Jochen: Well, it’s important because it can make or break your business. It’s especially important for smaller companies, because Social Proof is the best way to build trust with customers. It doesn’t have to be all 5-star reviews, either – just as long as people don’t feel like they’re the first person through the door.
“What would you say to a business or a website that was just starting out, then? How do you get Social Proof with low traffic?”
Jochen: In that case I would say that the first few days, even hours, are critical. You need to get as many reviews from your first few customers as possible, and you need to give people a good reason to take a chance on you. A lot of websites use a test launch to gather that kind of feedback, but you can also lean on some friends to get the ball rolling…
“Do websites ever fake Social Proof? What do you think about that, and is there any way to stop them?”
Jochen: It’s worrying, to be honest. Social Proof is a safety net for customers, so they need to be able to trust that what they see is real. I would encourage businesses to be responsible and to let their customers do the talking for them – luckily, most of them do. I would also say that customers are usually quite good at spotting fake reviews and there is a lot more to lose from being underhand than there is to gain.
- 91.9% of SMB owners say that their company’s reputation accounts for at least 25% of its value (PR Week, July 2018)
- 83% of customers trust reviews and ratings more than advertising (StatusLabs, 2019)
- 84% of people discount Social Proof older than 3 months and only 1% trust reviews older than one year (BrightLocal, 2019)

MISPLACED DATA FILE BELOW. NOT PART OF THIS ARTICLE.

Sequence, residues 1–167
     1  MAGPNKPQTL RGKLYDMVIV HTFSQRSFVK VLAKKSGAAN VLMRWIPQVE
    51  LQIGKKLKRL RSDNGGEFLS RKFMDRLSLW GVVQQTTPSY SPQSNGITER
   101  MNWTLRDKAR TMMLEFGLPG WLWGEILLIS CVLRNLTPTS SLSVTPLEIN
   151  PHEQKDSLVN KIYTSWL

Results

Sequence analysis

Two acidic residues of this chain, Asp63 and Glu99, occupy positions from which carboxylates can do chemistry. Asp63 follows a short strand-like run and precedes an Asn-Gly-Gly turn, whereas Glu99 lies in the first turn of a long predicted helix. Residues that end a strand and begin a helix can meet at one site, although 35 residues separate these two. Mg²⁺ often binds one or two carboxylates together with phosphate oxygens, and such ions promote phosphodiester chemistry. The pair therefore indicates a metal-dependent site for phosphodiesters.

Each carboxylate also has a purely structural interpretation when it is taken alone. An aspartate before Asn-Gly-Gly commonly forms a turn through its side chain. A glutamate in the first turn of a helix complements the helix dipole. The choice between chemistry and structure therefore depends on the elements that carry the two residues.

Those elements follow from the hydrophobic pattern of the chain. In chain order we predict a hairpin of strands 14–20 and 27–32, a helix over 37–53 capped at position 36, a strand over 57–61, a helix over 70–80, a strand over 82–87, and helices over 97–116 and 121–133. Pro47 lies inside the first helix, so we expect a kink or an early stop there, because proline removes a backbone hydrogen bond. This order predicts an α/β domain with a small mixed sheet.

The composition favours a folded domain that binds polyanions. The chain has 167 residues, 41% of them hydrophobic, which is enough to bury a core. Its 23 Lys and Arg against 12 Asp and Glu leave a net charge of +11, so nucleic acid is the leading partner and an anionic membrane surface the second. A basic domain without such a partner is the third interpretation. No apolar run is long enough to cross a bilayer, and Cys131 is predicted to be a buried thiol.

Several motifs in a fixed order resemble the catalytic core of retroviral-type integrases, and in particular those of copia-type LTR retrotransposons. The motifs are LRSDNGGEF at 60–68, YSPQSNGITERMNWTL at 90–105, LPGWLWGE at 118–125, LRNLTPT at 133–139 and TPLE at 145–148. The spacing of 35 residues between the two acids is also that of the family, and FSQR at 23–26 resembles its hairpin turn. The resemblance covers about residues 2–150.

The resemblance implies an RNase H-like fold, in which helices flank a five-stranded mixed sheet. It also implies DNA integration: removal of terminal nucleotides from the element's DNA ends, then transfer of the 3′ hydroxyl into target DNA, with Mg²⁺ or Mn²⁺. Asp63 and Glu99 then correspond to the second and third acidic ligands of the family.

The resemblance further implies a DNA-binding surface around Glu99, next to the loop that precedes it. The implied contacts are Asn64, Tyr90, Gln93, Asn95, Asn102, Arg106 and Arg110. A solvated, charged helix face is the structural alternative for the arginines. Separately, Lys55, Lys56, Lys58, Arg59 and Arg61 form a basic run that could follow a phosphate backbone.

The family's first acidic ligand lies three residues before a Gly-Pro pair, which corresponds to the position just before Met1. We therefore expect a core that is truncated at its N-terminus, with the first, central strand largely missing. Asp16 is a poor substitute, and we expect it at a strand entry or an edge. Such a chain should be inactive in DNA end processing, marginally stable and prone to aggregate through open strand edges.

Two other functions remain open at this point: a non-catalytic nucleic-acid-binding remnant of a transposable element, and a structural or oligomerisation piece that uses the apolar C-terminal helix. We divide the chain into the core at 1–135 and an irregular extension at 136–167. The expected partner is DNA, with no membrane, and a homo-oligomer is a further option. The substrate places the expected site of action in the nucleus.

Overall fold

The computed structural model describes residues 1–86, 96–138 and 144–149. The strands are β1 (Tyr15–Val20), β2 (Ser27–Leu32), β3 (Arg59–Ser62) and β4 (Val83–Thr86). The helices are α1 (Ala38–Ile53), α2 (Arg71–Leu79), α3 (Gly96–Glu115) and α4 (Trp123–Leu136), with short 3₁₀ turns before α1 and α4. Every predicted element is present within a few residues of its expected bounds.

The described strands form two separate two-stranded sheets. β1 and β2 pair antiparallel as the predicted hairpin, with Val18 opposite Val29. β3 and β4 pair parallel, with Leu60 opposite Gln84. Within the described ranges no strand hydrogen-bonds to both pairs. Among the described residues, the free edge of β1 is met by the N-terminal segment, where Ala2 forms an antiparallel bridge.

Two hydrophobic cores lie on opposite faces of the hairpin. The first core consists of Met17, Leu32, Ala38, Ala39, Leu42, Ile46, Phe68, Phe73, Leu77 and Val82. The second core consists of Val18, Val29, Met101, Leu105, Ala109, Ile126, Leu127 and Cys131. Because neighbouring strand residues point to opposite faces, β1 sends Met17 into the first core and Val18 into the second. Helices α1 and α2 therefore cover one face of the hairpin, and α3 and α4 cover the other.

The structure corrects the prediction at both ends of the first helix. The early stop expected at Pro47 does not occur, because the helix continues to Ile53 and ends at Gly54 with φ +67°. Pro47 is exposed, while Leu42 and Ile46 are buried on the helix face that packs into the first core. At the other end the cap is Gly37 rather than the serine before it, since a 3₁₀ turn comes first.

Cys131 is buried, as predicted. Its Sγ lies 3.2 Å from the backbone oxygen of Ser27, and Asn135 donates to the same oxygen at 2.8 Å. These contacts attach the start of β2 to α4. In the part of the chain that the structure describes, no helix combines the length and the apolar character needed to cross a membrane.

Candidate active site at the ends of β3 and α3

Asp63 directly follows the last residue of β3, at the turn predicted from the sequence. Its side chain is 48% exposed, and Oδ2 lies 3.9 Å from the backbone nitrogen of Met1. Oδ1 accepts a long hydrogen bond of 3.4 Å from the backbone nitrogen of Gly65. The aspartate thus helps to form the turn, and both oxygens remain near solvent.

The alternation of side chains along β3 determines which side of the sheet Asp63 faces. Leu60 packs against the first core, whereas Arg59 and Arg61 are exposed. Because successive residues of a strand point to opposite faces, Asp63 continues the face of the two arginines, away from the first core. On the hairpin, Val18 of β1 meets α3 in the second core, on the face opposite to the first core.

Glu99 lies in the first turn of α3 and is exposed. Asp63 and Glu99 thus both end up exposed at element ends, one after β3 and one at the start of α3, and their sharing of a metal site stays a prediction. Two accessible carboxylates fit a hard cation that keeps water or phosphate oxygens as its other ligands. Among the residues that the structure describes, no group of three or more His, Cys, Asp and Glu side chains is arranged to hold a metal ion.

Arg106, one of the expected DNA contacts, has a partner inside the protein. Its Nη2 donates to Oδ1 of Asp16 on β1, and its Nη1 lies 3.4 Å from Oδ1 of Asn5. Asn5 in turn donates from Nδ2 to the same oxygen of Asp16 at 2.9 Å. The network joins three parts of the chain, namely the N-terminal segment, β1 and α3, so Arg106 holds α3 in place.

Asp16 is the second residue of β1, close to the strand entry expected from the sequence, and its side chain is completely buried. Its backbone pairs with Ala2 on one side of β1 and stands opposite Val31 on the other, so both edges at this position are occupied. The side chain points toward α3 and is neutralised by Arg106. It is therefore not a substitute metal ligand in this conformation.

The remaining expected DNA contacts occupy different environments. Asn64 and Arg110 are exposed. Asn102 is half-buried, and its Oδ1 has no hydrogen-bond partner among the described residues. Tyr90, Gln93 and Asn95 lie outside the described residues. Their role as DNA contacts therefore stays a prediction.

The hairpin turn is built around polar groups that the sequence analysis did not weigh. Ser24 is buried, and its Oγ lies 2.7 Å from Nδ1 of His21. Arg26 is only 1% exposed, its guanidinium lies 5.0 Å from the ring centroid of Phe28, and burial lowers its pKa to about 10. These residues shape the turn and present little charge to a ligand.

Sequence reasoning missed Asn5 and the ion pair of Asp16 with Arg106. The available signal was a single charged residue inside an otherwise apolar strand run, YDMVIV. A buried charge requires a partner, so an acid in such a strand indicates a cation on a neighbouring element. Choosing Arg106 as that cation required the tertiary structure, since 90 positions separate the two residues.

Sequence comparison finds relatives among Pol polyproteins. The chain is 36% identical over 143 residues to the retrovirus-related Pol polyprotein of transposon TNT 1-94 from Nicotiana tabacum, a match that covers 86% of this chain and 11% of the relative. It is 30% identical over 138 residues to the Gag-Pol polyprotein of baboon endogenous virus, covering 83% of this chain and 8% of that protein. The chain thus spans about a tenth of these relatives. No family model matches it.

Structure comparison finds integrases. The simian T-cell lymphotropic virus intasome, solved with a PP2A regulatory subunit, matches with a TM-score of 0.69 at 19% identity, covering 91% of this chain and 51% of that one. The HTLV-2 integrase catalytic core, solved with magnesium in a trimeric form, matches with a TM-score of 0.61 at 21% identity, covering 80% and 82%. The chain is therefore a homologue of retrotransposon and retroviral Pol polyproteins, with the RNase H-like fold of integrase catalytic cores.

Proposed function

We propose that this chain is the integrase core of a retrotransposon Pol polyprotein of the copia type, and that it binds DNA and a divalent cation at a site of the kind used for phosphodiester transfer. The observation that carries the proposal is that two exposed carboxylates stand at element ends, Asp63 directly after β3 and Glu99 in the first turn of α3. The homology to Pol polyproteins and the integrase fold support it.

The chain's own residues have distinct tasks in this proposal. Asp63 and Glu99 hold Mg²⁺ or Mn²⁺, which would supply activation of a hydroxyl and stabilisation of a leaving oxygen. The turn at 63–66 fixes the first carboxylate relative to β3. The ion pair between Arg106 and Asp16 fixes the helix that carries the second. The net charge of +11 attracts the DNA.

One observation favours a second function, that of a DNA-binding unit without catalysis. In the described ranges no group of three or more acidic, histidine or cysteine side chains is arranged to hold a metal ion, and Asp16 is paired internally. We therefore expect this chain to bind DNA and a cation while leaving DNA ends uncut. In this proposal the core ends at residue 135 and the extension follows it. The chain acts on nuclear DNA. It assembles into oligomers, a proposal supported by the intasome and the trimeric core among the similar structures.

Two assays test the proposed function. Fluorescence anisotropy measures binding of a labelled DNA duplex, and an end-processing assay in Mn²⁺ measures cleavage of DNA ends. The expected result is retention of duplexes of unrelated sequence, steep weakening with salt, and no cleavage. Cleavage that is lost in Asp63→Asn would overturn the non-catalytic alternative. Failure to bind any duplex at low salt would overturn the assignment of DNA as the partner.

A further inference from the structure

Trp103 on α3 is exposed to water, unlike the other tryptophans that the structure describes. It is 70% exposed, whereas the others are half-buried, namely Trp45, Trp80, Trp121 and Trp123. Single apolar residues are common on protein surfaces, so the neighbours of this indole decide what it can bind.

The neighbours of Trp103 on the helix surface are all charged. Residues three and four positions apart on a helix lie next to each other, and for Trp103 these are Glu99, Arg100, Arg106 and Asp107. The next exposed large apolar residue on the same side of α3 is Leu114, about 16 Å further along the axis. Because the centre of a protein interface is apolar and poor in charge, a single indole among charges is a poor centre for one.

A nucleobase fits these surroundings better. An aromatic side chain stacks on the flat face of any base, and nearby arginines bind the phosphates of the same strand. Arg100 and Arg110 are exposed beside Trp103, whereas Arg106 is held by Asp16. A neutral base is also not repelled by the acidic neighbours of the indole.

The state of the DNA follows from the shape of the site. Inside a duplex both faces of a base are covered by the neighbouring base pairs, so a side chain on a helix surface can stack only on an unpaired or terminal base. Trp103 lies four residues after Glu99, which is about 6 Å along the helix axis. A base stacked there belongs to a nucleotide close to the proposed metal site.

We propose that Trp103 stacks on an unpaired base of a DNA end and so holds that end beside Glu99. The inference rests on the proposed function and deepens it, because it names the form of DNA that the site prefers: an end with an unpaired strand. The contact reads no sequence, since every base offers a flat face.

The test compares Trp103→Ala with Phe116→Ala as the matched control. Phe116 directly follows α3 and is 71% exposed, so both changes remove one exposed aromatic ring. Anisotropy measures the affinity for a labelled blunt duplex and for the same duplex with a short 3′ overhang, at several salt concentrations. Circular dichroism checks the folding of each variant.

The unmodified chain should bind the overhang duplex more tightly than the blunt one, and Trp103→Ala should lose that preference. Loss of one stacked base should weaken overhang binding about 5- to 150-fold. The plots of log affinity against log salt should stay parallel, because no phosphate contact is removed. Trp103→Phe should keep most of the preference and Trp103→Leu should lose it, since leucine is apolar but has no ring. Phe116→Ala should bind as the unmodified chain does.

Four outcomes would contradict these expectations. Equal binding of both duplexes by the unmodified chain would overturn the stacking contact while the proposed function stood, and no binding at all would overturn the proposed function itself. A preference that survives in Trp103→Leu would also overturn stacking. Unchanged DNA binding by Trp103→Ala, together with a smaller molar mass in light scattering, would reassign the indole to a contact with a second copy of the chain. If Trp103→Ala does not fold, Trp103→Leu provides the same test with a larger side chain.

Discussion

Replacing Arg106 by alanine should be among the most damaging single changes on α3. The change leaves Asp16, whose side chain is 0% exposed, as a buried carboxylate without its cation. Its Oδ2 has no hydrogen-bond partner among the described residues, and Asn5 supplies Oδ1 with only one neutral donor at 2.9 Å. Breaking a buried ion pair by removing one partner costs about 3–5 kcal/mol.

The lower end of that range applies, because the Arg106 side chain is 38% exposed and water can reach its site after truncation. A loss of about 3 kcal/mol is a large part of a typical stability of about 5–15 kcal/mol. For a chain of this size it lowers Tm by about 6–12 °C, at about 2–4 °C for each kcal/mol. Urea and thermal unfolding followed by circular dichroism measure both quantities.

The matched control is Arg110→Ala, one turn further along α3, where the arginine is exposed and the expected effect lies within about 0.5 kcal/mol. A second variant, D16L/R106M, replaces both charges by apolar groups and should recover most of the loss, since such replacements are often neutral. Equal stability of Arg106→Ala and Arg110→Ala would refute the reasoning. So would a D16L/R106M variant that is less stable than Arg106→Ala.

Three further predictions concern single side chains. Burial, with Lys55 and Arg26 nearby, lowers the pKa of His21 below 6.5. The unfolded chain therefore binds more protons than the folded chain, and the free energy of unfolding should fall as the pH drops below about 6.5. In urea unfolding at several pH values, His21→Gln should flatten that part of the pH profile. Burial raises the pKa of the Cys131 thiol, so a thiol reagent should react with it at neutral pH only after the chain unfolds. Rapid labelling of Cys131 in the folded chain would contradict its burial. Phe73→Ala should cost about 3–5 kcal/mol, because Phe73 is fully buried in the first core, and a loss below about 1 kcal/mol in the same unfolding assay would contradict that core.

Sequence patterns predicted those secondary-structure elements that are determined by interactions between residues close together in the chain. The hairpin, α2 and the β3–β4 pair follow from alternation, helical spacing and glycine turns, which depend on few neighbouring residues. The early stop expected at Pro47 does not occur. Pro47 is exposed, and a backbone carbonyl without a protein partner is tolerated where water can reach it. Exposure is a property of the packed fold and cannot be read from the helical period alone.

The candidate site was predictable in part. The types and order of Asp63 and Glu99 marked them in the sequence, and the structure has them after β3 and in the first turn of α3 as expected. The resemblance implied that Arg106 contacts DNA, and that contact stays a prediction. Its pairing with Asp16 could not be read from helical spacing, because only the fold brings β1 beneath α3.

Statistics About Star Ratings
- The star ratings that provide the highest number of sales across all product categories are between 4.2 and 4.7 stars (Spiegel, 2019)
- A one star increase in a product’s star rating can increase sales by 7-9% (Harvard Business School, 2016)
- Only 53% of people consider a product or a business with less than 4 stars (BrightLocal, 2019)
- Businesses require a rating of 3.3 stars minimum for most people to consider working with them (Podium, 2017)
- Only 5% of customers would use a business with a 1 star rating (RevLocal, 2018)
Statistics About Customer Reviews
- 95% of customers say they often read reviews before making a purchase (Spiegel, 2019)
- 72% of customers say they never make a purchase until they have read reviews (Testimonial Engine, 2019)
- A Product with 5 reviews is 270% more likely to be purchased than one with 0 reviews (Spiegel, 2019)
- 82% of consumers look for negative reviews to prove that a collection is legitimate (PowerReviews, 2015)